It’s fall, and America is once again infatuated with pumpkin spice everything. What started as a simple fascination with pumpkin spice lattes has now spread – pumpkin spice is now a culinary cancer on otherwise fine food.
Pumpkin spice also offers the perfect opportunity to understand Jean Baudrillard, the thinker of simulation and inventor of the Matrix.
But first, some history.
Pumpkin spice lattes are the demon spawn of Starbucks, who concocted the beverage about 11 years ago. As of last year, the company had sold more than 200 million. Now, pumpkin and pumped-spiced themed items grace our shelves in the form of beers, cookies and other delectables. Starbucks even began peddling pumpkin sauce and US pumpkin-flavored sales amounted to $308 million in 2013, up from $290 million in 2012, Vox.com writes.
We live in a world where our globalized and industrialized agricultural system has erased seasons. Back in the day you were stuck with what was seasonal – you ate tomatoes and watermelon when it was summer, and when old man winter rolled in, you were stuck with nature’s shit bag – like potatoes and kale – a vegetable god intended you to hate and smite you with.
The fact is, we can get pumpkin year-round if we really tried, especially canned. And the culinary smut Starbucks peddles certainly isn’t looking for the local and organic variety of pumpkin. And that’s where Baudrillard comes in.
For Baudrillard, the world isn’t dictated by reality, but simulation and simulacra.
Simulation is different than a simple representation. A representation is our way of communicating and abstracting a “real” entity. So, our word “pumpkin,” or an image of one, represent the real thing that is a pumpkin. Simulation, on the other hand, is the negation of the “real” pumpkin. A simulacrum doesn’t cash in it’s value for the real thing, it only seeks to be exchanged with other simulacra and itself. It’s where semiotics meets capitalist commodity fetishism.
For Baudrillard, simulation can be thought of like a timeline from representation to simulation in 4 steps, as he notes in his book “Simulacra and Simulation.”
- Images are reflection of a profound reality: A picture of pumpkin is like the real thing.
- Images mask and denature a profound reality. A picture of the pumpkin is like a shitty version of the real thing.
- Images masks the absence of a profound reality, the cake pumpkin was a lie.
- The image has lost all connection to reality. It is pure simulation. Pumpkins, as a natural phenomenon, are a lie and this picture I just handed you is just a napkin that I peed on.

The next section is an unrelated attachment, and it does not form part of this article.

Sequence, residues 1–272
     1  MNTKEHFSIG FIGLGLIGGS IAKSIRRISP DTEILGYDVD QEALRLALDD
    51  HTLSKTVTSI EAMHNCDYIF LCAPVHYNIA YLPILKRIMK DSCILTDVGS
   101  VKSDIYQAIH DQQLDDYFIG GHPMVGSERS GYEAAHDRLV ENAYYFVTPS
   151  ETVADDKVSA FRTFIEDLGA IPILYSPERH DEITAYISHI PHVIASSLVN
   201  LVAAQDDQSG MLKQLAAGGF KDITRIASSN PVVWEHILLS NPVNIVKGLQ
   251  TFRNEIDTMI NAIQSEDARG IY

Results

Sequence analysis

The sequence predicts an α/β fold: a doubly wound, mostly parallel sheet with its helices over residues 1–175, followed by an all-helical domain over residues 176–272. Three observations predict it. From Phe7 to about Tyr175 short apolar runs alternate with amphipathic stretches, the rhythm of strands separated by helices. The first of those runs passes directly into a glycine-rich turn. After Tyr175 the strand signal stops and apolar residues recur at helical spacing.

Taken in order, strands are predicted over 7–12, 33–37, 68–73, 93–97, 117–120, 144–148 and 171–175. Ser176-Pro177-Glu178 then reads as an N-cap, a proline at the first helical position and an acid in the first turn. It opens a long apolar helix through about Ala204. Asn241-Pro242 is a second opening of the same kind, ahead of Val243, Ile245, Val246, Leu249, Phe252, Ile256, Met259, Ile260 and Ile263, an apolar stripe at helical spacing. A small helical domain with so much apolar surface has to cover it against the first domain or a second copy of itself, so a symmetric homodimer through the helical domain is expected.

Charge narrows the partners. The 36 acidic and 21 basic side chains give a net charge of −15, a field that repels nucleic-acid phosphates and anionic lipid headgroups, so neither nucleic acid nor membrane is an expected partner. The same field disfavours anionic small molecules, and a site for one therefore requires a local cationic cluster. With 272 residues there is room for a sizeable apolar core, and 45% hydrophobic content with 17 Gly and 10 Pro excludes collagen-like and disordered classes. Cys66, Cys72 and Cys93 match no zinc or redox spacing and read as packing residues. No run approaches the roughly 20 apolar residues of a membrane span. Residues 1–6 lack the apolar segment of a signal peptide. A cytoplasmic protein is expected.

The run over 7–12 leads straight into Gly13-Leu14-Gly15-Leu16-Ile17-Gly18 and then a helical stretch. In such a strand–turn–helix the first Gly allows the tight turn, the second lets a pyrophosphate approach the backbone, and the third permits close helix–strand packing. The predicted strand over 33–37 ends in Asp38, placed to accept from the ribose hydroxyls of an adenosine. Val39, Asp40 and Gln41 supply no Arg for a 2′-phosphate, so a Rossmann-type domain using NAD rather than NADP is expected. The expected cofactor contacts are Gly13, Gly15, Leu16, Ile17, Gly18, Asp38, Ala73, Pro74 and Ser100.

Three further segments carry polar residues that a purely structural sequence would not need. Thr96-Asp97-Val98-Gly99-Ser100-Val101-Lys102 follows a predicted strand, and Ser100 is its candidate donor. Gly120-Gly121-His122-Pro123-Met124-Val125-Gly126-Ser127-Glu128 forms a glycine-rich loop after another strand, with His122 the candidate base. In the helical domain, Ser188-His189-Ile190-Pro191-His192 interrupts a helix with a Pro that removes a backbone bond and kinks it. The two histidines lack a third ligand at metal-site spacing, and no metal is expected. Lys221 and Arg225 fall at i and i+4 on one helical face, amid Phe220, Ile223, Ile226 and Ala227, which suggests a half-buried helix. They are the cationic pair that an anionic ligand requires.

The fact that we welcome the return of pumpkin season, save for those who demand they buy these pumpkins from an ethically sourced gluten free farm just masks the fact that there are no seasons. We could probably ship pumpkins from all around the world to get our pumpkin fix year-round. But even then, it’s only the third order of that list above. It’s not quite at that next level pure simulacra shit.
Did I mention that there’s no pumpkin in your pumpkin spice latte? It’s nutmeg (and a few other spices). In other words, that delicious sip of fall you just imbibed is actually a pure simulacrum, of that fourth order. Pumpkin spice doesn’t conceal the fact that there are no longer seasons, pumpkin spice has no referent in reality, it exists for its own sake. The only thing “pumpkin spice”refers to is itself– like the distinct difference between “cherry flavored” items and “red flavored” candy that claims to be cherry-flavored.
Those who bake will quickly note that “pumpkin spice” derives from the mixtures of spices (nutmeg, allspice, etc) that go into a pumpkin pie. But that’s exactly the point: it doesn’t matter whether “pumpkin spice” actually has any correlation to reality. Ads for pumpkin spice items tout pumpkins and other fall fare, as if there’s a biological imperative to shove “things that go well with pumpkin” into our collectively fat faces when the leaves start to turn. Nutmeg and allspice are also available year-round, as is canned pumpkin, meaning we could clearly sate our desires at any time. Not to mention those ignorant consumers, like myself, who figured “pumpkin spice” was just a magical extraction of pumpkin essence gracing my caffeinated beverage.
Pumpkin spice lattes are just a synecdoche for larger world of simulation. For Baudrillard, the relation of politics to reality is a tenuous as pumpkin spice, e.g. the posturing of Republicans and Democrats that is just spectacle for the sake of itself. And the rest of those policy experts, talking head and social scientists are no different. MSNBC and Fox News, Barack Obama and John Boehner are the Starbucks of the political realm – they peddle in images, and nothing more.
So next time you drink your pumpkin spice latte, just remember: nothing is real, and nothing matters. Maybe.